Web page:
Earth Observations from Space: The First 50 Years of Scientific Achievements FIGURE 6.4 Image from Shuttle Imaging Radar-A (SIR-A) showing buried river channels in the Sahara Desert. SOURCE: http://www.jpl.nasa.gov/history/hires/1981/SIR-A_image.jpg. vertical or horizontal polarizations. In addition, the antenna was electronically steerable and operated at three frequencies (1.4, 5.6, and 10 GHz). The two flights allowed investigation into the radar’s response to seasonal changes. The multiparameter images were combined and enhanced to produce some of the most spectacular radar images ever seen. ANALYSIS OF GROUNDWATER FROM GRAVITY DATA A pair of satellites launched in 2002 makes up NASA’s Gravity Recovery and Climate Experiment (GRACE). The main source of variation in Earth’s gravity field is the movement of water between its three main reservoirs: the ocean, ice sheets, and groundwater. Unlike most satellite remote sensors, which measure electromagnetic radiation reflected or emitted from Earth’s surface and atmosphere, GRACE measures the distance between its two spacecraft, which changes in response to variations in Earth’s mass—and therefore gravity—on the surface below them. The GRACE measurement also senses mass change within the Earth—a capability demonstrated by the measurement of seasonal change in continental aquifers. Wahr et al. (2004) use GRACE data to compare groundwater storage with a hydrologic model in the Mississippi and Amazon River basins and in the drainage flowing into the Bay of Bengal (Figure 6.5). When averaged over 1,000 km or more, the mass estimates inferred from the GRACE data clearly show annually varying changes in continental water storage, along with seasonal variability in the amount of water in the ocean. The amplitudes and phases of those signals are in general agreement with the hydrologic model. The inferred mass signals over the ocean are consistent with estimates of the water stored in the groundwater. Although the agreement degrades with decreasing averaging radius, the largest water storage signals are still clearly evident at averaging radii as short as 400 km. The globally averaged uncertainty in the amplitude of the annually varying mass signal recovered from these GRACE fields is 1.0 cm for a 1,000-km radius. USE OF SATELLITE-DERIVED ELEVATION DATA IN HYDROLOGY In February 2000, with the aid of a 60-m (200-ft) boom added to the SIR-C, the Shuttle Radar Topography Mission (SRTM) circled Earth for 10 days mapping 80 percent of the world’s land area. The resulting high-resolution topographic map is the most accurate available and constitutes one of the major accomplishments of the nation’s space program. SRTM (Farr et al. 2007) provides a worldwide topographic data set between 60° N and S latitudes with a consistent datum. Many areas otherwise lack topographic data, so these data enable spatial hydrologic modeling that would otherwise be impossible. Figure 6.6 shows an elevation and relief map of the whole African continent. Since its launch, digital elevation models created from SRTM have been used in many applications, most notably tectonics, geomorphology, and hydrology. Because of their global consistency, SRTM data link continental hydrology with the oceans. In hydrologic investigations, the first information in characterizing a problem is often the topography of a drainage basin. From the elevations, slopes and aspects can be estimated, which are essential for calculations of solar and longwave radiation that can be used in spatially distributed energy balance models of snowmelt (Cline et al. 1998), photosynthesis, and evapotranspiration (Anderson et al. 2003). Analytical software packages use these slopes and aspects as input parameters to delineate drainage basin boundaries, to characterize basins for their distribution of slopes, and in routing water from precipitation or snowmelt (Tarboton 1997). An additional hydrologic application of SRTM data has been to measure water surface elevations directly (Alsdorf et al. 2007), which contributes to the improvement of flood forecasting. Providing accurate flood forecasts from satellite observations is a high-priority mission with the potential to save lives and property (NRC 2007a). This important societal challenge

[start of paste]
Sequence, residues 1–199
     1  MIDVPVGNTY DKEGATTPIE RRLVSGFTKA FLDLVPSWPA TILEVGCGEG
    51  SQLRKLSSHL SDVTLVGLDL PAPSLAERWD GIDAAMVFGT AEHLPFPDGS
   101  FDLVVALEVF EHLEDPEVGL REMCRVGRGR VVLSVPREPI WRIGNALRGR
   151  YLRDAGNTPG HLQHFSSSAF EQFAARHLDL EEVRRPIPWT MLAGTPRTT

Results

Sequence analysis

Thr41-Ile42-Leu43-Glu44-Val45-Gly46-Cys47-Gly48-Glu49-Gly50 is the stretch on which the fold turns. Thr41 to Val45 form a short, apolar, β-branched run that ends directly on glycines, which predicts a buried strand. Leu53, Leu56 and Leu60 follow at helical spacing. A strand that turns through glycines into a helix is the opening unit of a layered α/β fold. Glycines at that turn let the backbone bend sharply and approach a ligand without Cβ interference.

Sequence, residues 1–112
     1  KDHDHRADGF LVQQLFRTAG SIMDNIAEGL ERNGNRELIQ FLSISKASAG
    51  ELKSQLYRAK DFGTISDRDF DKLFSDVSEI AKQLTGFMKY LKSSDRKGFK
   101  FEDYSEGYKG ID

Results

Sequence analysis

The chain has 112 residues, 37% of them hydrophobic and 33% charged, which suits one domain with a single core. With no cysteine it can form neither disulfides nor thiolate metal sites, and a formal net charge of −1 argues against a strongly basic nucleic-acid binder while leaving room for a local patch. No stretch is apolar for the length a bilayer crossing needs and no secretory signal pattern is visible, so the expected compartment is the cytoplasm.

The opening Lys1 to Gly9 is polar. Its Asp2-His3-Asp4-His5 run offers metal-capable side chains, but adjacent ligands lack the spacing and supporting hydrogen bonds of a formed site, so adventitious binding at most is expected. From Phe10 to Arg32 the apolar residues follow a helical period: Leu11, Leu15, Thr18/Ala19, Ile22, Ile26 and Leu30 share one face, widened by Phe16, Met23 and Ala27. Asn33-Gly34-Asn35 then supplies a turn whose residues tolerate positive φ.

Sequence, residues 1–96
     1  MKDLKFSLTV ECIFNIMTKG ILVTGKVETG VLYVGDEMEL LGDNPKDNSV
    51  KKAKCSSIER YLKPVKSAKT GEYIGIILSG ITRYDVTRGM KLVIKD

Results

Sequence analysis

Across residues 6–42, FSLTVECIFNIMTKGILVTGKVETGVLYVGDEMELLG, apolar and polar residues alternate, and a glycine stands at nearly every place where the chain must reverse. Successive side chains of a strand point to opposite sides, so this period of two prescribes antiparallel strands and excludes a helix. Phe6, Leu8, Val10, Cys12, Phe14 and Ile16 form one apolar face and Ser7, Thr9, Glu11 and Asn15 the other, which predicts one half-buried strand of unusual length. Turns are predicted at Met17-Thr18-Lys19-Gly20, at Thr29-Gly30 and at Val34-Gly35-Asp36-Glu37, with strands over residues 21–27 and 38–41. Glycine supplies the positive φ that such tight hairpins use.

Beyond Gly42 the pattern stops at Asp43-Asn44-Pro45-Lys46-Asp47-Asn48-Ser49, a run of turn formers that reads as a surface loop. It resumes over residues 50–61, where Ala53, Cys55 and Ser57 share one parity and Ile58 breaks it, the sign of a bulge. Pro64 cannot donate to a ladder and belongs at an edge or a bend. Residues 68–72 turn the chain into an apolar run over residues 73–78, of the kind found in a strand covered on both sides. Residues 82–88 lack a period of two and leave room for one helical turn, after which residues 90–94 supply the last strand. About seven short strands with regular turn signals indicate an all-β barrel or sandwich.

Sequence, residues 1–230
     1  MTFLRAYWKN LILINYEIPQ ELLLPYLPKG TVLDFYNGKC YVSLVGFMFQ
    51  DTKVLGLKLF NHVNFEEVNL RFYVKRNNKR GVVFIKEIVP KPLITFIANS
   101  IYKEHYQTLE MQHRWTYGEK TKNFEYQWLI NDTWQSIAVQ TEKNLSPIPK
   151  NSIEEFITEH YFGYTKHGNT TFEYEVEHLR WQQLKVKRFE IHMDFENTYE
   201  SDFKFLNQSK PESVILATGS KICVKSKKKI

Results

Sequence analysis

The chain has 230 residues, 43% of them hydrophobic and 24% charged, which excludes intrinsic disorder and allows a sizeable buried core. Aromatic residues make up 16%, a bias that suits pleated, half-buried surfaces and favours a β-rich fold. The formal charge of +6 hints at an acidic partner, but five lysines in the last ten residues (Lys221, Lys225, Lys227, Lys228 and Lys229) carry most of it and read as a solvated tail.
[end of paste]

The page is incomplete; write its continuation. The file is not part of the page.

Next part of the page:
OCR for page 56